A nice convenience if you want to use goods and services even from abroad or if you temporarily move to another country, since you do not need to open a new account on site.
I have heard, however, that local IBANs are preferred, or even necessary, in the various countries. It’s true?
So, you have accepted the job opportunity in the Spanish company and now you want to give your Italian account number to the new employer to credit the salary, however he refuses to accept an IBAN that does not start with “ES”. Is it right for him to ask you to open an account in a specific country?
If a company based outside the country where you opened your account refuses your bank details, you need to know that they are doing something illegal. Discriminating an IBAN, in fact, violates article 9 of the SEPA regulation, which prohibits the different treatment of IBANs when they are reachable through the SEPA circuit . In Italy, the AGCM has imposed heavy sanctions on companies and public bodies over the years for this reason, as well as in other countries of the European Union the respective authorities have taken steps to ensure that this law is respected.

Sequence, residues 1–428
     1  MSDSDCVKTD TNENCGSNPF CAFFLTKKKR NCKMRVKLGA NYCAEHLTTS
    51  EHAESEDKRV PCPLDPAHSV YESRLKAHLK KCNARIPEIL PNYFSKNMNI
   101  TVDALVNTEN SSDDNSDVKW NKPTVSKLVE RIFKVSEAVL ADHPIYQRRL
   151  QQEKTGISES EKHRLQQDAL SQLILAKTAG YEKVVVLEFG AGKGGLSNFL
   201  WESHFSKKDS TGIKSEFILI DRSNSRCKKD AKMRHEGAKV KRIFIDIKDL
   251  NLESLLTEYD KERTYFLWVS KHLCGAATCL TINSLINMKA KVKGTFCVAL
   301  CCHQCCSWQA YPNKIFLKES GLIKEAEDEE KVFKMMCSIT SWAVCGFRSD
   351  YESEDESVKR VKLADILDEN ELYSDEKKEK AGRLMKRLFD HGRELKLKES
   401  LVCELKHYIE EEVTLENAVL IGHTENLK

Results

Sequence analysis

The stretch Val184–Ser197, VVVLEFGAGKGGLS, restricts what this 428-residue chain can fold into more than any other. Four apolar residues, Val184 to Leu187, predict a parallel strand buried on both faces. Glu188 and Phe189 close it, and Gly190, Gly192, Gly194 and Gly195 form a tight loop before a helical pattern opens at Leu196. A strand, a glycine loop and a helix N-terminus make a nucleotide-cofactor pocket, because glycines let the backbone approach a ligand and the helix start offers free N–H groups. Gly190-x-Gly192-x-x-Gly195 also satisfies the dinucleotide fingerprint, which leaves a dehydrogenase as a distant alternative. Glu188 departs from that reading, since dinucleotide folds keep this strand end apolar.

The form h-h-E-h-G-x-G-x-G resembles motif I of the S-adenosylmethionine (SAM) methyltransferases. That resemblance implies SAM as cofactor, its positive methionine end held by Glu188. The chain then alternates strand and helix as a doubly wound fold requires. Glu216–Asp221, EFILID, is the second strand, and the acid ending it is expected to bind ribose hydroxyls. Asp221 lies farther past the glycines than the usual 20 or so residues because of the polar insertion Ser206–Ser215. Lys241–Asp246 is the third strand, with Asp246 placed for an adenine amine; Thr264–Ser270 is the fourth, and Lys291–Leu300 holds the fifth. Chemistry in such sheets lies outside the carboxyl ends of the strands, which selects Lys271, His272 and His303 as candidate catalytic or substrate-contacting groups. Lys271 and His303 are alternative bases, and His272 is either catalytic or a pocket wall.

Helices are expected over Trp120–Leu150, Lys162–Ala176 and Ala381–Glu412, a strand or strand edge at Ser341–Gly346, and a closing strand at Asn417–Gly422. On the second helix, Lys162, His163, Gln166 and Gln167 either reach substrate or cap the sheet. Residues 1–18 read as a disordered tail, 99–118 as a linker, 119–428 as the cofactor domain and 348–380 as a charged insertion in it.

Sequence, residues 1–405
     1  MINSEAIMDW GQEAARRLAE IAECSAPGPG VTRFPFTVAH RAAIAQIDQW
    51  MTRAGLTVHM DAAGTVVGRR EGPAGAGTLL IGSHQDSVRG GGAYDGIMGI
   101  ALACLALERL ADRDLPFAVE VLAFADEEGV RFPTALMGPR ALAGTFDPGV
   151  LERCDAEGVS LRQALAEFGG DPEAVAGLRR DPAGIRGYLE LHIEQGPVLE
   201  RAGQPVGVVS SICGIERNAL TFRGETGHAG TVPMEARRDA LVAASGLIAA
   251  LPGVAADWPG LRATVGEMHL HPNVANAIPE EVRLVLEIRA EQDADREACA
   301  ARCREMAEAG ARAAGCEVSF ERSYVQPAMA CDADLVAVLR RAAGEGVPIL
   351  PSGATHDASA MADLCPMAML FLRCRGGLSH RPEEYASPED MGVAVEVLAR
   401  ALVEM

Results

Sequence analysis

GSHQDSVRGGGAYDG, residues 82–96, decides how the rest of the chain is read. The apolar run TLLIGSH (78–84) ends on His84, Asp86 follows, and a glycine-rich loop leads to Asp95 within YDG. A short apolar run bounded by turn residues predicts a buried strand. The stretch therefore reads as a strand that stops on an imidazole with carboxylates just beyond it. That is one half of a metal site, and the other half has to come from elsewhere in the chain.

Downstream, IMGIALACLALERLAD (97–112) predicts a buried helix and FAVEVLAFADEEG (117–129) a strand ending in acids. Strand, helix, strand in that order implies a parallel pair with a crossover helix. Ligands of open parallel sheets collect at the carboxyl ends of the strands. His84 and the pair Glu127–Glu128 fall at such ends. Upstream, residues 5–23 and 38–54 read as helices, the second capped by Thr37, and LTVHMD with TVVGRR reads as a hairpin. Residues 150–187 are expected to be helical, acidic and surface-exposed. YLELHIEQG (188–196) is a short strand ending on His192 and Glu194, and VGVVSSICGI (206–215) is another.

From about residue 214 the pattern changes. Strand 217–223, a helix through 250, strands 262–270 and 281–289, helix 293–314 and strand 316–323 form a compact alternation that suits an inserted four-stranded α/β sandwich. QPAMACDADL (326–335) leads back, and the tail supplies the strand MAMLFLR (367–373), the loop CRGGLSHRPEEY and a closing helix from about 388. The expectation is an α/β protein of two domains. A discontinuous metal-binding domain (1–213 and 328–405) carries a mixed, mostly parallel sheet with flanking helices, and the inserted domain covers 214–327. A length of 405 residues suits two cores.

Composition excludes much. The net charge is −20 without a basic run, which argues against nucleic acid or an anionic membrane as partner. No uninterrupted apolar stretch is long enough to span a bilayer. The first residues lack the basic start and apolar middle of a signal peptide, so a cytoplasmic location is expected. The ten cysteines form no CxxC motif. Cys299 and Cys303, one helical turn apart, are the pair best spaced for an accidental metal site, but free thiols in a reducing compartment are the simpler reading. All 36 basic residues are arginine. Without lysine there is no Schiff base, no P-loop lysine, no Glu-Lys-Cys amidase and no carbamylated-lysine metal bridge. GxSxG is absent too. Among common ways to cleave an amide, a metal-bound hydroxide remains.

Unfortunately, however, there are still some companies that deny payments from abroad (risking heavy penalties). On the other hand, it is very easy to identify a foreign IBAN, as we have seen, thanks to the first two characters of the code that identifies it.
The reason behind the refusal of these operations is not so much the economic convenience but lies, more than anything else, in technical and administrative problems. In fact, many companies have not fully adapted their internal IT systems to the harmonization dictated by SEPA, despite the fact that several years have passed since the “equality of IBANs” came into force. Furthermore, some subjects, due to lack of information, are unnecessarily worried about incurring bureaucratic complications and additional costs.